ISSN (Print) - 0012-9976 | ISSN (Online) - 2349-8846

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History as Radical Pedagogy


History is one subject that has increasingly become vulnerable to different misinterpretations and arbitrary historical assertions. These assertions have been processed through pedagogical means that are available even for distorting history for achieving a reactionary mobilisation of certain sections of society. The question that one needs to raise here is: Can we rescue pedagogy from the abuse and misuse of history? Let us try and offer an affirmative answer.

Radical pedagogy is all about creating a new modern subject through the process of persuasion. Put differently, history does not hand down the modern subject to society and polity; it needs to be aided by pedagogy. Pedagogical practices, happening across time and space, can help the subject arrive at new and alterative perspectives. This arrival, again, is not automatic; in fact, it is propelled by radical pedagogy that serves as a means to create a new subject through democratic persuasion rather than authoritarian imposition of any reactionary ideology.

However, such an arrival gets delayed and becomes difficult in the case of a large section of people with a right-wing orientation. Such a variety of people refuse to arrive at a crossroad where they are confronted with more than one perspective that would redeem them from their perception of historical ruin. Listening to history through pedagogy is to acknowledge the emergence of different perspectives for social transformation. A variety of critical pedagogical devices would mean positively participating in the process of persuasion. In fact, those who are driven by an authoritarian ambition to disregard social diversity try and bend history according to their ideological agenda.

Arguably, history is the pedagogical site on which multiple identities are formed and also transformed. Pedagogy is a version of emancipation from the historically given identity such as “untouchable” or abala, that is, a woman whose transformative power has been emptied out by patriarchal forces and then rendered helpless. Pedagogy plays an important role in creating a historical subject or an agency that is embedded with historical consciousness that finds its political articulation in the duality of division and vision. Such consciousness, mediated through a pedagogical force, seeks to question the given hierarchical social order, and such an incisive question leads to divisions. The history of social assertion against exploitative and oppressive systems in India bears this out. However, this agency does not stop at creating a division of perspective and politics but also provides a vision that is necessary to guide a subject’s political action for emancipation. The second task that pedagogy achieves is that it projects a vision for the future. Such a vision, insofar as it seeks to transform the social arrangements of caste and patriarchy, attempts to articulate itself through leaps in the past as well as future. “Dalit” as a historical subject embodies this spirit that attains its actuality only by creating a dualism between division and vision. It provides for an understanding that history unfolded itself only through divisions between, say, touchables and untouchables, or the puruskrut and the bahishkrut, or the elite and the Dalit. Are these divisions permanent? They are not to be seen as reified historical formations but something that could be transcended by the normative force of a transformative vision. In the Dalit case, such a normative force is provided by Buddhism. History as pedagogy, which is practised by social thinkers and public intellectuals, involves narratives of ruins so as to reflect upon the possibility of redemption.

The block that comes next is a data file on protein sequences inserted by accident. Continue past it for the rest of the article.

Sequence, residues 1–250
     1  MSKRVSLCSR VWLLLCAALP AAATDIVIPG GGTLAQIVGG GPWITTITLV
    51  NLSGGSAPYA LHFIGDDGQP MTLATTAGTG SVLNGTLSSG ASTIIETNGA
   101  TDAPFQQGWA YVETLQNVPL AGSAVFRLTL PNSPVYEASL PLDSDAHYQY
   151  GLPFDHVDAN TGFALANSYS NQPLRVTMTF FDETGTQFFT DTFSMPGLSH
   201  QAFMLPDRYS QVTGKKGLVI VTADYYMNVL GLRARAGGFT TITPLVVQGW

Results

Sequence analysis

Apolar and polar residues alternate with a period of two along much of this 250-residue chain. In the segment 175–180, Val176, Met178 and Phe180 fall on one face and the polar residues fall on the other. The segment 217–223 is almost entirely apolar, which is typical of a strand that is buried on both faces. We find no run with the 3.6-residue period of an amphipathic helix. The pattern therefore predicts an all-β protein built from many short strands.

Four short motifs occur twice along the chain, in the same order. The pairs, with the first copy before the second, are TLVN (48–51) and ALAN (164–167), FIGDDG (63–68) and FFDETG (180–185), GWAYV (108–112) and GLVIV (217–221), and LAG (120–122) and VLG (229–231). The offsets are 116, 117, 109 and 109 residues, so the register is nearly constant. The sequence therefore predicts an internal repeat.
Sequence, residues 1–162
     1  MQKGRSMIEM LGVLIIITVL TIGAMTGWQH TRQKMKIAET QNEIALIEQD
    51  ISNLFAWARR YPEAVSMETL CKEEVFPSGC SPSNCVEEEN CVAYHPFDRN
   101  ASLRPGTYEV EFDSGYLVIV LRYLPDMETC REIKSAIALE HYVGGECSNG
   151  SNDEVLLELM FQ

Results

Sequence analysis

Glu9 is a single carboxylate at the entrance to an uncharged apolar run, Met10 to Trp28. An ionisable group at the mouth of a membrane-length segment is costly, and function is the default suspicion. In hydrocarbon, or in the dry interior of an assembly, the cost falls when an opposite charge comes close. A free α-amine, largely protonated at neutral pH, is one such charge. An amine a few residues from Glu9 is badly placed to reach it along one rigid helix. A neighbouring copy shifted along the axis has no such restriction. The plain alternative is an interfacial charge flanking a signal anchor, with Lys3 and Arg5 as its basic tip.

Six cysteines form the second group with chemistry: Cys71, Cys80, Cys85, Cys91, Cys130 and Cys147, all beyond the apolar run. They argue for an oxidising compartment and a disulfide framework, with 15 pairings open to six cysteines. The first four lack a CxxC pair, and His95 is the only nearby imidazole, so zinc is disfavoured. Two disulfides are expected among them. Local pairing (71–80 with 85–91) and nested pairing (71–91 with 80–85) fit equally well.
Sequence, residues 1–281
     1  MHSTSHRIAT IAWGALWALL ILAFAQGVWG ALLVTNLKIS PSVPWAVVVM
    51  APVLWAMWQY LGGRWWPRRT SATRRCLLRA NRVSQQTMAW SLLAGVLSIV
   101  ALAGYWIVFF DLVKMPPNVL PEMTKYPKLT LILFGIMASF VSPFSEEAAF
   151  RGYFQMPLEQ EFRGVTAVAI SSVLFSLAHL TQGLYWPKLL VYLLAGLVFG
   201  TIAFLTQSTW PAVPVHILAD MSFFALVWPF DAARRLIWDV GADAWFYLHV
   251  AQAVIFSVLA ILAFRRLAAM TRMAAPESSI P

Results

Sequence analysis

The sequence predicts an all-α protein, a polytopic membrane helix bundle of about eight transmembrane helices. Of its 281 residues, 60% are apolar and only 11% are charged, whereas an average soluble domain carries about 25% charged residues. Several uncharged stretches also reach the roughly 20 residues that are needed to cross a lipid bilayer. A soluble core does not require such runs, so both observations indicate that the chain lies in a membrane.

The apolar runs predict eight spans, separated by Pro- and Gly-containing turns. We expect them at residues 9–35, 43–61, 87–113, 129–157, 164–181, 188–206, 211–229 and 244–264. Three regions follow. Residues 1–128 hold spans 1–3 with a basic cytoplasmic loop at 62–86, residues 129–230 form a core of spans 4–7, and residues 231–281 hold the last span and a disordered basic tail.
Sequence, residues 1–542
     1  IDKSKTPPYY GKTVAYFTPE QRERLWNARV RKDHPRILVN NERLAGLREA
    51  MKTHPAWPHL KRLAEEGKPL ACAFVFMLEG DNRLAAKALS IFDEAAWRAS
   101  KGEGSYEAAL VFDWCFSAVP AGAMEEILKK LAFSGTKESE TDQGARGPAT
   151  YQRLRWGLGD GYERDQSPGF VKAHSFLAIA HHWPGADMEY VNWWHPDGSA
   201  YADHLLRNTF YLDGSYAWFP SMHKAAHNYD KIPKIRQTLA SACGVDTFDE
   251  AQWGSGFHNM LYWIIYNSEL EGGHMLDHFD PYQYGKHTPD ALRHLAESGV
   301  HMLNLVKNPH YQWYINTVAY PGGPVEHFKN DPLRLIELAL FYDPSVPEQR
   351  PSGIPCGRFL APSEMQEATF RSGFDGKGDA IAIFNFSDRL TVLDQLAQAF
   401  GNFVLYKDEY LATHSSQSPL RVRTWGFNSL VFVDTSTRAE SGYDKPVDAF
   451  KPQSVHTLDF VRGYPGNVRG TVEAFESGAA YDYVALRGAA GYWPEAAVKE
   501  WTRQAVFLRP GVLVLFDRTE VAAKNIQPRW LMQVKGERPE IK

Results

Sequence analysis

Radical, and hence a forward-looking pedagogy, teaches a modern subject the art of listening to Indian history that entails in it critical ideas starting from the Buddha and reaching people via M K Gandhi and B R Ambedkar. Arguably, the liberals and the left have used history as pedagogy with the purpose of enabling people to develop both their abilities and skills of listening to the other. It helps radicalise the subject to enact resistance and social struggle for the aim of emancipation from caste and patriarchal domination.

History as pedagogy is essentially an exercise in creating among the people the cognitive capacity that teaches them how to sort out historical facts from myths, separate objectively rooted and evidentially verified claims from those assertions that are arbitrarily pushed forward by the leaders representing the far right. This point has been well covered in the editorial comment by Kumkum Roy in the current EPW issue.

Pedagogy is aimed at creating new knowledge and meaning of history. For example, it is focused upon transformative traditions that represent plural but critical impulses or ideas that are available in thought and action throughout the social history of India. The language of pedagogy is thus necessarily affirmative in nature. It takes a leap in the past in order to explore critical ideas that can help construct the outlines of a thought, which could then be used to mobilise the masses towards transformation or emancipation. Thus, pedagogy helps taking a leap in the future as well.


Updated On : 18th Jun, 2022
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